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George Owens is a past president of "Association of Energy Engineers", an "Energy Manager of the Year" and an "Energy Managers Hall of Fame" inductee.


O&M Pays, Commissioning Helps
by George R. Owens, PE, CEM

In 1986 George Owens developed his first Preventive Maintenance Manual. In 1988 a formal Commissioning Process for mechanical and electrical systems was added to the Design Guidelines Manual, and in 1992 the Energy Task Force (ETF) Program was developed. The ETF is a low cost/no cost - back to basics O&M Program designed to reduce energy costs.

It has been our experience that an effective O&M Program has real benefits that are measurable. In 1985 an internal comparison was made between our centers that had a formalized Preventive Maintenance Program and those that did not (approximately 50%). The cost of maintaining those buildings not using the formal program was $0.31 per square foot vs. $0.25 per square foot where the program had been implemented. This represents a 19.4% savings without even considering the savings due to longer equipment life. The Energy Task Force was instituted at 19 locations and resulted in a $1.2 million dollar reduction in utility operating costs for these buildings, nearly 10%.

The goals of this paper are to:

  1. To demonstrate the value of quality O&M Programs.
  2. To show that commissioning can contribute to the success of an O&M programs, and,
  3. To discuss the barriers encountered with achieving high quality commissioning and O&M programs.

First, I must define the goals of Commissioning and O&M Programs. Different groups have different ideas of these concepts and the definition of a good program ranges from doing nothing to "Launching a Space Station":

  1. Commissioning is a formal procedure to insure that the new building operates satisfactorily to the owner's requirements. It includes the following elements (note that the starred items () are often already included in most specifications):
    • Systems installed per plans and specifications.
    • Point by point verification of control systems.
    • Electrical testing & cleaning.
    • Generation of punchlists.
    • Completion of punchlists.
    • Written commissioning procedures.
    • Verification of air and water balance.
    • Review of design after all of the above is completed.
    • Documentation.
    • Training.

  2. The Goals of a good O&M Program (in order of importance) from an owner's standpoint may surprise a few:

    Goal #1: No Complaints
    As a commercial building owner, the tenant's comfort must take the highest priority. Without tenants to lease to, the reason for the building is non-existent. A good O&M Program (primarily through Preventative Maintenance), will help to maintain comfort, reliably.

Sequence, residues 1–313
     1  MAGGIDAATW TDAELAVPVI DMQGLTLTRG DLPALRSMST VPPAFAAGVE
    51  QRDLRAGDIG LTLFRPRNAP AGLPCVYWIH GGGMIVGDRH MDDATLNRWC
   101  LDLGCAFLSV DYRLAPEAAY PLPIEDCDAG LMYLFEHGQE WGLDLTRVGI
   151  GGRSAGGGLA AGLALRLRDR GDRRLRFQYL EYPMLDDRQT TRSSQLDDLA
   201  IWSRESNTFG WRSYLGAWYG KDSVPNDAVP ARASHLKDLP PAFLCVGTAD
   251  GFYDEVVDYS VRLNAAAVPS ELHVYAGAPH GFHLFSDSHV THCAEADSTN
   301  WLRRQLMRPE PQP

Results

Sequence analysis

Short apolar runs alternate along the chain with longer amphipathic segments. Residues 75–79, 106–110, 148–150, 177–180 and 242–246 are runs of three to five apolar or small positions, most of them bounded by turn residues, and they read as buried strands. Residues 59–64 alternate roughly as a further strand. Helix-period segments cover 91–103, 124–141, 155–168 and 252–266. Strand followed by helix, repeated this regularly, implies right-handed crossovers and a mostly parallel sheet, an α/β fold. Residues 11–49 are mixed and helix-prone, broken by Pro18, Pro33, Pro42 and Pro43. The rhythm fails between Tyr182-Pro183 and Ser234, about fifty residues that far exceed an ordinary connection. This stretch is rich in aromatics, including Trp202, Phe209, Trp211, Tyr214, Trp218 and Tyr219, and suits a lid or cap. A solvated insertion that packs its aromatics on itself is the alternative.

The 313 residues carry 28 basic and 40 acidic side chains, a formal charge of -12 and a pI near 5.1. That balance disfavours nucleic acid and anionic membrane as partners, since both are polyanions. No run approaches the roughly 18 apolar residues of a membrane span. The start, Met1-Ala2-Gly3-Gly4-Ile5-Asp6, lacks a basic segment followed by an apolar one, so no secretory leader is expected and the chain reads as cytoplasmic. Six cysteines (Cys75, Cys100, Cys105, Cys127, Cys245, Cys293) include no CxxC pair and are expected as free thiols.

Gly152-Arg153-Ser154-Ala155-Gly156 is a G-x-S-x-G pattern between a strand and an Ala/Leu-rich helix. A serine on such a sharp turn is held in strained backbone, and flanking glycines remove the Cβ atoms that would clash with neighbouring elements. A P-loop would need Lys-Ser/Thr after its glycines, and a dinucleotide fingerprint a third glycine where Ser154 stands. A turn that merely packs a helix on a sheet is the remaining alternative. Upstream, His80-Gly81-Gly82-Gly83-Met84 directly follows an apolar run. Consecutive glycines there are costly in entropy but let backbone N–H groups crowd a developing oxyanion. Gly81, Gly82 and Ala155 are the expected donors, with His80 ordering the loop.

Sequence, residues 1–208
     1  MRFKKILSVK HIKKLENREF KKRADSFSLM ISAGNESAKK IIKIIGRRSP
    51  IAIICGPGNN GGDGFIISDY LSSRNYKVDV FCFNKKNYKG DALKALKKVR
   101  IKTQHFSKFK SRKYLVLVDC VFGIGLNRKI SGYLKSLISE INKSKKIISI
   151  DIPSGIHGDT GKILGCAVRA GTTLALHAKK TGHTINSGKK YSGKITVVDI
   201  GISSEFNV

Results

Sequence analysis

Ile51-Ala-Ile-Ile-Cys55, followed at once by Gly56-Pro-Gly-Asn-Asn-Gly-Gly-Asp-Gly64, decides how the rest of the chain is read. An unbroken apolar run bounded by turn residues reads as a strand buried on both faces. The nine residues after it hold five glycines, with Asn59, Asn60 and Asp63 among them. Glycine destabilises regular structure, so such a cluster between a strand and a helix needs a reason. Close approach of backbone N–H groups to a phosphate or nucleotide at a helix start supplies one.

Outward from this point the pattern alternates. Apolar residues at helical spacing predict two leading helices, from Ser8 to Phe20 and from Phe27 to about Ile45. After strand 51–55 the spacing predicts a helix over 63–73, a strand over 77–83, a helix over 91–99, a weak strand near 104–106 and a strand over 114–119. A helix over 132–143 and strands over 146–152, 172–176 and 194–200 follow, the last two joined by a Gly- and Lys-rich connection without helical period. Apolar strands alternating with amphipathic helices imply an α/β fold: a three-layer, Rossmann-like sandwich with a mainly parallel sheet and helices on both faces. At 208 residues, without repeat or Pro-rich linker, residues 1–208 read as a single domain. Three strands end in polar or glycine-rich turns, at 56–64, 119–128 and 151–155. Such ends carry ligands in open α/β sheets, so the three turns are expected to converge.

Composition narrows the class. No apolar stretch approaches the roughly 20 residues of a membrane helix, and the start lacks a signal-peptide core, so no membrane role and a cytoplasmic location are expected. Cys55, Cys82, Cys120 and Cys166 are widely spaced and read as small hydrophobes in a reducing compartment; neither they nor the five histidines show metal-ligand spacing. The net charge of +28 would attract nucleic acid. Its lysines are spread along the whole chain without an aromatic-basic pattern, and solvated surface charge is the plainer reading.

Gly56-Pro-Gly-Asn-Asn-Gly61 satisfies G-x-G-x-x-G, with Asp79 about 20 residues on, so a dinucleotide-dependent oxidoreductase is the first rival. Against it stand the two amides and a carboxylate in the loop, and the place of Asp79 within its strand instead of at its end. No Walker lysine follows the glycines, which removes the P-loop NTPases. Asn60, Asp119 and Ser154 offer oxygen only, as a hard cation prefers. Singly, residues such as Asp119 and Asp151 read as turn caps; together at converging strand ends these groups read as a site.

Goal #2: No Capital
    A good Preventative Maintenance Program will prolong the life of the mechanical and electrical systems and reduce the need for future major capital. For example, the generally accepted standard for roof top HVAC unit life is 15 years. We routinely receive 25 to 35+ years life before replacement due to good preventative maintenance.
    "Goal #3: Low Operating Costs
    Low Operating Costs are achieved by two of the components of an O&M Program. First of all, Preventative Maintenance contributes to lowering energy costs due to clean coils, filter changes, etc., as well as reducing the repair and future capital costs. A program such as the Energy Task Force will identify all of the operational changes required to reduce the utility bills.
  • Ensure that the systems actually work.
  • Supply manufacturers instruction sheets with Preventative Maintenance Procedures and frequencies.
  • Develop easy to follow operating instructions that ties all of the systems together.
  • Help to develop the requirements for the staffing level and their qualifications to achieve an effective O&M Program.

  • Commissioning cannot ensure that an effective O&M Program is implemented. All commissioning can do is provide the tools at turnover to ease the efforts of the owner in implementing, maintaining and improving an O&M Program. The single most important element that will ensure that an O&M Program will succeed is long term commitment by the owner. Without the commitment, an O&M Program will be ineffective if it exists at all.
  • Commissioning will also not necessarily guarantee the highest level of efficiency. often fine tuning of the building through and O&M Program can further reduce operating costs based upon actual parameters not design assumptions.

    An effective O&M Program results in measurable improvements to tenant comfort, reliability, reduced future capital costs and reduced operating costs. A well executed commissioning process provides the tools to allow an O&M Program to be implemented. However, unless the owner has long-term commitment, the effectiveness of the O&M Program will suffer, tenant complaints will increase, equipment will fail prematurely and operating costs will go through the roof.

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